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But if any difficulty should arise, there is another mode chalked out by which the end might clearly be brought about, even without the violation of the treaty of peace ; especially if the other party should happen to change its government at the crisis. The executive could suspend the treaty of peace by refusing to receive an ambassador from the new government, and the state of war emerges of course.

This is a sample of the use to wbich the extraordinary publication we are reviewing, might be turned. Some of the inferences could not be repelled at all. And the least regular of them must go smoothly down with those who had swallowed the gross sophistry which wrapped ap the original dose. Every just view that can be taken of this subject

, admonishes the public of the necessity of a rigid adhe. rence to the simple, the received and the fundamental doctrine of the constitution, that the power to declare war, including the power of judging of the causes of war, is fully and exclusively vested in the legislature : that the executive has no right, in any case, to decide the question, whether there is or is not cause for declaring war : that the right of convening and informing con. gress, whenever such a question seems to call for a de. eision, is all the right which the constitution has deemed requisite or proper; and that for such, more than for any other contingency, this right was specially given to the executive.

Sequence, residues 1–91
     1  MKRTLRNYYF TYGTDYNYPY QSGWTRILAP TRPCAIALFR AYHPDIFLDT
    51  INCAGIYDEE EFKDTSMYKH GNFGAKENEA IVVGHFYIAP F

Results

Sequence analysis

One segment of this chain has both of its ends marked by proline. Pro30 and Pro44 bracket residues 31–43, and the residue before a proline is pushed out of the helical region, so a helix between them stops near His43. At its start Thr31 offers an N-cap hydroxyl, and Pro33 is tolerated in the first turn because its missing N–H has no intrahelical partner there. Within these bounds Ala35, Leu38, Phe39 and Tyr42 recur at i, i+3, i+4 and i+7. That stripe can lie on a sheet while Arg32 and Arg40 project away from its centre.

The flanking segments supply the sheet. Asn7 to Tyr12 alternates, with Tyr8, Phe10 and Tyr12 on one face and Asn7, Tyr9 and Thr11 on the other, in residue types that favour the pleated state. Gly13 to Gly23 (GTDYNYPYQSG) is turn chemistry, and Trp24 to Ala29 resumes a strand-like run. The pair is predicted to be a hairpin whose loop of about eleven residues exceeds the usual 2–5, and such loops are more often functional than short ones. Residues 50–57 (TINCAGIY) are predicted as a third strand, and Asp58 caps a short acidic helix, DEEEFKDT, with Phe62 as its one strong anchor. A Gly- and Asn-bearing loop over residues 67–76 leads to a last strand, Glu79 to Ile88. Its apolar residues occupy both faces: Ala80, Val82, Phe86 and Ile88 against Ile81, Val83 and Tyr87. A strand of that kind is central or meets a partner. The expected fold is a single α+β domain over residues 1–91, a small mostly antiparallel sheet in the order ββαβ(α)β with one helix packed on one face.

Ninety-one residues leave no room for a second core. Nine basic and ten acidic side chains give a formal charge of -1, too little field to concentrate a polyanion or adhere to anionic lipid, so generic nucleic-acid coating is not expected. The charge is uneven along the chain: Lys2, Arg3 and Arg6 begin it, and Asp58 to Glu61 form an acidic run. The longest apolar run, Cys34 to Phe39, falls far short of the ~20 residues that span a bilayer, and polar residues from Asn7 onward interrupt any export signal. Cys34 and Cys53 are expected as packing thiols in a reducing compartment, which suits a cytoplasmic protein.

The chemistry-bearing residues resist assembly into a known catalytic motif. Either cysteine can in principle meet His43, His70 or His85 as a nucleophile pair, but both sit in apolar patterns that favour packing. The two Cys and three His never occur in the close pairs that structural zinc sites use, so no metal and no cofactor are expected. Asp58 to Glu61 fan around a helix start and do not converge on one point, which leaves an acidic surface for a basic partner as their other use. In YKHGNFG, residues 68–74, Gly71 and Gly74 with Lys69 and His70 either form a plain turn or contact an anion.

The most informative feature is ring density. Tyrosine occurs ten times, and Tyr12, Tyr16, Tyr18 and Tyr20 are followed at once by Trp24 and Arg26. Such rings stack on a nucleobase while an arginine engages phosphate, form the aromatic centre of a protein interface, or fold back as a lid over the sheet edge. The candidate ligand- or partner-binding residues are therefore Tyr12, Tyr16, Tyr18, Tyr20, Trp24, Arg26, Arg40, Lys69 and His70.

In no part of the constitution is more wisdom to be found than in the clause which confides the question of war or peace to the legislature, and not to the executive department. Beside the objection to such a mixture of heterogeneous powers, the trust and the temptation would be too great for any one man : not such as nature may offer as the prodigy of many centuries, but such as may be expected in the ordinary successions of magis

. tracy. War is in fact the true nurse of executive as grandizement. In war a physical force is to be created

, and it is the executive will which is to direct it. In war the public treasures are to be unlocked, and it